Trump, U.S. officials back protests in Iran
Trump tweeted video portions of his speech in the United Nations General Assembly in September on Saturday, referring to the street protests hitting Iran for the third day in a row.
“The entire world understands that the good people of Iran want change, and other than the vast military power of the United States, Iran’s people are what the Irani leaders fear the most,” Trump said.
Many reports of peaceful protests by Iranian citizens fed up with regime’s corruption & its squandering of the nation’s wealth to fund terrorism abroad. Iranian govt should respect their people’s rights, including right to express themselves. The world is watching! #IranProtests— Donald J. Trump (@realDonaldTrump) December 30, 2017
In a separate tweet, Trump said; “Oppressive regimes cannot endure forever, and the day will come when the Iranian people will face a choice. The world is watching!” Trump said.
On Friday, Iranian police dispersed anti-government protesters in the western city of Kermanshah, the Farsi semi-official news agency said, as protests spread to Tehran and apparently several other cities a day after rallies in the northeast. The outbreak of regional unrest reflects growing discontent over rising prices and alleged corruption.
U.S. Vice President Mike Pence said on Sunday that he stands with protestors in Iran who are speaking out for freedom. “The time has come for the regime in Tehran to end terrorist activities, corruption, and their disregard for human rights,” Pence added.
The Republican Senator from Arizona John McCain said, “For too long, the Iranian people have been oppressed by their government, which cares more about sowing instability abroad than its own citizens.”
Congressman Ron DeSantis, the local representative for Florida's sixth congressional district said that Iran's Islamist regime has ruined the country's economy, supported terrorists, and denied basic rights to its people.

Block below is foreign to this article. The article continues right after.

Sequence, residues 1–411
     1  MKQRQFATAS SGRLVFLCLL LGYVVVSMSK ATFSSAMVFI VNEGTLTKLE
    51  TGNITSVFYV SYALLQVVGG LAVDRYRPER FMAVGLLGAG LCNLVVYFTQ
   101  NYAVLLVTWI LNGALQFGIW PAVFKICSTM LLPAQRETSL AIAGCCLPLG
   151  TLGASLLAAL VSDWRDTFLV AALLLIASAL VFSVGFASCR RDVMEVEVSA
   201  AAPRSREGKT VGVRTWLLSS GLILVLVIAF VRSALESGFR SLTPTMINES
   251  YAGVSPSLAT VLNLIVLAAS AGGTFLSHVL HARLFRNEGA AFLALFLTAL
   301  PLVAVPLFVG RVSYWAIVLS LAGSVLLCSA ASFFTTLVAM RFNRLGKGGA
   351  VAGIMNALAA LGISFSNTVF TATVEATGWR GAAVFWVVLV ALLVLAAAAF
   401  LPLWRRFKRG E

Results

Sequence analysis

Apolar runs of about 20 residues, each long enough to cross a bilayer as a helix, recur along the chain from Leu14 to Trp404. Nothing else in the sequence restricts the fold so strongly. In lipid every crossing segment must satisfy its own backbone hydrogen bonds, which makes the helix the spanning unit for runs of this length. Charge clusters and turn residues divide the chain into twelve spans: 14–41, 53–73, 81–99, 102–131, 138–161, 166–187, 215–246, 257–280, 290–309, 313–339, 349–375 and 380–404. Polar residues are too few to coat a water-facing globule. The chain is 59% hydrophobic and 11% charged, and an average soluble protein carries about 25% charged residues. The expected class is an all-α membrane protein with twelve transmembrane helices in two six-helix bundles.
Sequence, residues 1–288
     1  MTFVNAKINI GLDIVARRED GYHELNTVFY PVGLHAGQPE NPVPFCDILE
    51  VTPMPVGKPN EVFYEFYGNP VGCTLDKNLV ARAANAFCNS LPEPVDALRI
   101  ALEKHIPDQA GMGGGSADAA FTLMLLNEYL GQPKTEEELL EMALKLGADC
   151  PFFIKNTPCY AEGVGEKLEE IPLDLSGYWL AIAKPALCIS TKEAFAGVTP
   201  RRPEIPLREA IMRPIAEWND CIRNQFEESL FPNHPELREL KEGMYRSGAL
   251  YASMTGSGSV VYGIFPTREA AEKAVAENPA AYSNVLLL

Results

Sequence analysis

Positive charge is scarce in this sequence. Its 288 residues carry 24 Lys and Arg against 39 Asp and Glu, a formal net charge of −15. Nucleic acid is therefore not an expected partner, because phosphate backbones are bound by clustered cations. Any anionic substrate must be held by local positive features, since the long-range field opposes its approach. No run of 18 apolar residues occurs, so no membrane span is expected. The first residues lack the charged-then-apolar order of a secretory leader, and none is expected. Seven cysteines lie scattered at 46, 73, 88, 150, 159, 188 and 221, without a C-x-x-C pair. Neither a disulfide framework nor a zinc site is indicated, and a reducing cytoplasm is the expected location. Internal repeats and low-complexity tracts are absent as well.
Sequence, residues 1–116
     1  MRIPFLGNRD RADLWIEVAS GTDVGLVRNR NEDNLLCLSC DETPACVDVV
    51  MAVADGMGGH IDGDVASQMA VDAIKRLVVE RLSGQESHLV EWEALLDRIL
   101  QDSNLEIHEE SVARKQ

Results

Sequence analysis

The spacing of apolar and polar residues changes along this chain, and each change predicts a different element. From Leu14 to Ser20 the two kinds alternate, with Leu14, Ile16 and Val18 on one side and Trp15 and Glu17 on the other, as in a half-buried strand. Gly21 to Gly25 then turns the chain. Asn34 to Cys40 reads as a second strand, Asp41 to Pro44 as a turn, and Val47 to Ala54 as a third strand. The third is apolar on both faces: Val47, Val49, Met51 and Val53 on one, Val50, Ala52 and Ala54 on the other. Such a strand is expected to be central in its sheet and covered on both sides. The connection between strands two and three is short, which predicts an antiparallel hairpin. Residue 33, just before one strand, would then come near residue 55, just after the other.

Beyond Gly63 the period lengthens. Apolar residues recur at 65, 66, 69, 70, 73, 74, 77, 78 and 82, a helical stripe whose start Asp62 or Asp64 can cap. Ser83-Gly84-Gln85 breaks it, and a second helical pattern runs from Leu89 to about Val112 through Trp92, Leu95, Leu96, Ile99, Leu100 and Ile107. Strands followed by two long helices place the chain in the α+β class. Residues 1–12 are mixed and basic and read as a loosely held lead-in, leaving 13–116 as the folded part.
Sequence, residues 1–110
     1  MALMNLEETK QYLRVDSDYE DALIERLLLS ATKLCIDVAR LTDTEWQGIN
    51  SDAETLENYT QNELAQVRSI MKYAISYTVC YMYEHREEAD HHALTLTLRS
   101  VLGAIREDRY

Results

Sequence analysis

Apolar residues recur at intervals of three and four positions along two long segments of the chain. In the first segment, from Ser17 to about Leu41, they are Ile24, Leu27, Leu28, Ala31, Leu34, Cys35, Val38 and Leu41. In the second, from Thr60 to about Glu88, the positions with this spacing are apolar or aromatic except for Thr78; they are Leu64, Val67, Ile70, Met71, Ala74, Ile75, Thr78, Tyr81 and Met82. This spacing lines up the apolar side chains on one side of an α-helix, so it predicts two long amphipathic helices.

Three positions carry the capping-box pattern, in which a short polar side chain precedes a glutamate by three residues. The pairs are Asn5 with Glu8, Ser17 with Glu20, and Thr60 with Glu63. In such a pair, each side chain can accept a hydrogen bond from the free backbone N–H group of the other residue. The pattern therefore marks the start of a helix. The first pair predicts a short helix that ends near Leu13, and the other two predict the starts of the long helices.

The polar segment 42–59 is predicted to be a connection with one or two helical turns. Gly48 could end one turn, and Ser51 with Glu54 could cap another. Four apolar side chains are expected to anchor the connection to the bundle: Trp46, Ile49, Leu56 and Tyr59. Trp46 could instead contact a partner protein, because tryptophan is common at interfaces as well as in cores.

“The U.S. and the rest of the free world should support the Iranian people who are protesting the Khamenei dictatorship. This is a noble cause,” DeSantis added.
On the other hand, Ajamu Baraka, the Green Party's nominee for Vice President of the United States attacked Trump on speaking about human rights in Iran.
“For Trump, demonstrations are fine in Iran but illegitimate in the U.S.,” Baraka stated. “I mean look, no one in the world takes statements on human rights from the U.S. seriously,” he added.
For Trump, demonstrations are fine in Iran but illegitimate in the U.S. I guess Iran should have warned the U.S. regarding its prosecution of the J20 protestors in D.C. I mean look, no one in the world takes statements on human rights from the U.S. seriously.— Ajamu Baraka (@ajamubaraka) December 30, 2017
Tensions between the U.S. and Iran rose since October over Iran’s ballistic missile program that the U.S. considers a violation of the international law.
Threatening Trump’s administration, Mohammad Ali Jafari, head of Iran’s Islamic Revolutionary Guards Corp (IRGC), said in October, “If the U.S. imposes more sanctions on Iran, chances for a future mutual discussion would end, and America then will have to move their regional bases outside the 1,250 kilometer range of the IRGC’s missiles.”
On November 1, the CIA released thousands of documents that it found in the raid on the founder and head of the Al-Qaeda Islamist group Osama bin Laden’s compound in 2011, according to USA Today. Apparently, an Al-Qaeda senior operative wrote various documents, describing the relations between Iran and the U.S.
“Those two enemies, The U.S. and Iran, each is willing to support the enemies of the other. America would support any individual or group even if small that wants to strike Iran,” said one of the documents dated 1428 A.H. (2008).
On November 4, thousands of Iranians gathered to celebrate the 38th anniversary of the U.S. Embassy takeover on Saturday. The celebration was at the site of the former embassy in Tehran.
Demonstrators burnt an American flag and an effigy of U.S. President Donald Trump, marking the day when dozens of Iranian students stormed the U.S. Embassy in 1979 and took 52 Americans as hostages for 444 days.
In a televised speech in November, Iran’s Supreme Leader Ayatollah Ali Khamenei called the U.S. “Iran’s number one enemy.”